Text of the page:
Scruggs make case to vacate guilty pleas

John O'Brien Mar. 30, 2012, 7:20am


OXFORD, Miss. (Legal Newsline) - Disgraced plaintiffs attorneys Richard "Dickie" Scruggs argued during a two-day hearing that his guilty pleas in two judicial bribery schemes should be vacated.

Senior U.S. District Judge Gary Davidson held an evidentiary hearing this week on a motion to vacate the seven-and-a-half years in prison that Scruggs, who made his name in asbestos litigation and was a key figure in the states' massive case against the tobacco industry, accepted in 2009.

Tuesday, Davidson ordered a recess of two weeks for lawyers to prepare written arguments while he decides if former Hinds County Circuit Judge Bobby DeLaughter, one of Scruggs' alleged bribery targets, will have to testify, according to the Memphis Commercial Appeal.

Scruggs' son Zach made a similar effort, though it was unsuccessful.

The two Scruggses, attorneys Sidney Backstrom and Timothy Balducci and former state Auditor Steven Patterson were charged in 2007 with attempting to bribe Lafayette County Circuit Judge Henry Lackey with $50,000 for a favorable ruling in a dispute over Hurricane Katrina attorneys fees.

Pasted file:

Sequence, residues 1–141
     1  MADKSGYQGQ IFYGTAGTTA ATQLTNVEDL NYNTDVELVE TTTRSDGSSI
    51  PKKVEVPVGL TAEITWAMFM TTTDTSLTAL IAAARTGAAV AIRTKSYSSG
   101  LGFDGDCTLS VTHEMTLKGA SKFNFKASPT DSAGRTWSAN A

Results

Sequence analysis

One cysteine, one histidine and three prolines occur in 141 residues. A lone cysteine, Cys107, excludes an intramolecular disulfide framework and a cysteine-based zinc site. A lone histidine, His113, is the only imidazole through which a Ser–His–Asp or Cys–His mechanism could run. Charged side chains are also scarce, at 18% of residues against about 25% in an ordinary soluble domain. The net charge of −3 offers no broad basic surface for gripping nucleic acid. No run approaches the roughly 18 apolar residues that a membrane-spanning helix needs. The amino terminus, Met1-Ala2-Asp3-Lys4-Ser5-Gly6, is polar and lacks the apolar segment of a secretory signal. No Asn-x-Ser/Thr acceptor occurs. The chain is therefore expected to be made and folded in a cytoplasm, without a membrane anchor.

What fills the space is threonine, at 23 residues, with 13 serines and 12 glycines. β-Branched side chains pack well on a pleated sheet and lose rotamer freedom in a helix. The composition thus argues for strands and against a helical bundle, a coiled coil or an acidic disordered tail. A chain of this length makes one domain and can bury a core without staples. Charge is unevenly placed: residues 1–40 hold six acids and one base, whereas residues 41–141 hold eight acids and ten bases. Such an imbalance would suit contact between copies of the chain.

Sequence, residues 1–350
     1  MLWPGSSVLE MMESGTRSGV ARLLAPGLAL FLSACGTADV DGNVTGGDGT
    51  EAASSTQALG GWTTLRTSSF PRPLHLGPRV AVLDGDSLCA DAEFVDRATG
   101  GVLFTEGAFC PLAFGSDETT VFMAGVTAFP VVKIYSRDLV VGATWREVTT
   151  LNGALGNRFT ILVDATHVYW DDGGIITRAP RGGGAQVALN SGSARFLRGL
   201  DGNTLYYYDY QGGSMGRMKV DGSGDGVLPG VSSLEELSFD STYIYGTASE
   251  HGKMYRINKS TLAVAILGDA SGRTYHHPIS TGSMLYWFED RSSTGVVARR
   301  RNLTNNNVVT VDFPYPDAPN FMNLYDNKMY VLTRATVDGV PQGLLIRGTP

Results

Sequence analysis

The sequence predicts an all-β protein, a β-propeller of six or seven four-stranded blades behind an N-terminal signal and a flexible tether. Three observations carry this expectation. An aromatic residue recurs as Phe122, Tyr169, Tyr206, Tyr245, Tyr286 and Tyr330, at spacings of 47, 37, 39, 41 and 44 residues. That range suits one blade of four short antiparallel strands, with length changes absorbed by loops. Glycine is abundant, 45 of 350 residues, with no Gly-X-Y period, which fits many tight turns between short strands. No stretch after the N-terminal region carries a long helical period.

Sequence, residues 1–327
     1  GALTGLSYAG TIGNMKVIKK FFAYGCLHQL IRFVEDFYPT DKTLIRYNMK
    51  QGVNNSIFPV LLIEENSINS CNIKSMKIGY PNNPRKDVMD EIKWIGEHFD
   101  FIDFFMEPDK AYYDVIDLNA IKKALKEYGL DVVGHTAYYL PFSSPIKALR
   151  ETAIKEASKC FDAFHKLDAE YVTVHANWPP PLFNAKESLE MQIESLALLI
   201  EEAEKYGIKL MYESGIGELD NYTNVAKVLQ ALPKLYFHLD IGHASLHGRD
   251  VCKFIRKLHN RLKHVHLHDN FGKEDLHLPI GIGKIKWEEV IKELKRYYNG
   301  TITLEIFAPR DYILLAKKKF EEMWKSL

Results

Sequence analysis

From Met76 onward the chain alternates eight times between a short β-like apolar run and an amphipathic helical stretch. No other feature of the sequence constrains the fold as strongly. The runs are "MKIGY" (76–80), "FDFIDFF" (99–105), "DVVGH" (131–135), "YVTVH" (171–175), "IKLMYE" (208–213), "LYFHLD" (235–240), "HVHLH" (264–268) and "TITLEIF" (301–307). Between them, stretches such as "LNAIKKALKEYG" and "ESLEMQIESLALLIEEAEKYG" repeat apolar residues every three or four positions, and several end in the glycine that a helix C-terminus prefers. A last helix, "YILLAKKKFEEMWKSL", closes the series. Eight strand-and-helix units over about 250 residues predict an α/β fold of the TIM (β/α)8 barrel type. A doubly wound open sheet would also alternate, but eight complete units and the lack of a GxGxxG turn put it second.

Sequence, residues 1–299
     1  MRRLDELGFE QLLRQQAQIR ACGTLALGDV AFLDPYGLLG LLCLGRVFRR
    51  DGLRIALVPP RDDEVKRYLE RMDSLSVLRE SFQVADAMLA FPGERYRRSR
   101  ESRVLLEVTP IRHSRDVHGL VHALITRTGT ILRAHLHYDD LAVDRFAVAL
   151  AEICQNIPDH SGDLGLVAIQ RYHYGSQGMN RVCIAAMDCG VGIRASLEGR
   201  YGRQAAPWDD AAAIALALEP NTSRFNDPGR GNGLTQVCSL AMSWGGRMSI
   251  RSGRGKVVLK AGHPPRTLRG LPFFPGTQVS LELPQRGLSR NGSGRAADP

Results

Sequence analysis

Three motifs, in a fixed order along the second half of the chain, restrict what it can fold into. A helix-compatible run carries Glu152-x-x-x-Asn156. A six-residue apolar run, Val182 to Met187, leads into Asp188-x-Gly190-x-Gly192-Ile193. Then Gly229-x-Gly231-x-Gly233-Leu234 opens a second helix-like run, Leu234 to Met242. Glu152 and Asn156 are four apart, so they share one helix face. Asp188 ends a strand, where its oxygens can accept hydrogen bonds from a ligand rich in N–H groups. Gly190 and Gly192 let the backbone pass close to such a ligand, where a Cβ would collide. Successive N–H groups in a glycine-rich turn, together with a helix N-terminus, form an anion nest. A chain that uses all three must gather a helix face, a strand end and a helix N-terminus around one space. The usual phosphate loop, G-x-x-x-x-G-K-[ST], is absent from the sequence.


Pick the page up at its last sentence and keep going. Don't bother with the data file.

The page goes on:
All five pleaded guilty, and Dickie Scruggs received a five-year prison sentence.

It is also alleged that Scruggs paid $1 million to former Hinds District Attorney Ed Peters, who used to work with DeLaughter, to bribe the judge with the promise of a federal judgeship. Scruggs' brother-in-law is former U.S. Sen. Trent Lott, who resigned a week before the charges were filed.

Dickie Scruggs pleaded guilty to the scheme, receiving an extra 2 1/2 years in prison. His attorney, Joey Langston, received three years when he pleaded guilty to the scheme.

Dickie Scruggs gained notoriety when his work helped lead to the 1998 Tobacco Master Settlement Agreement, which has an estimated worth of $246 billion for the 52 participating territories and states. Mississippi is not one of them, but has its own separate agreement.

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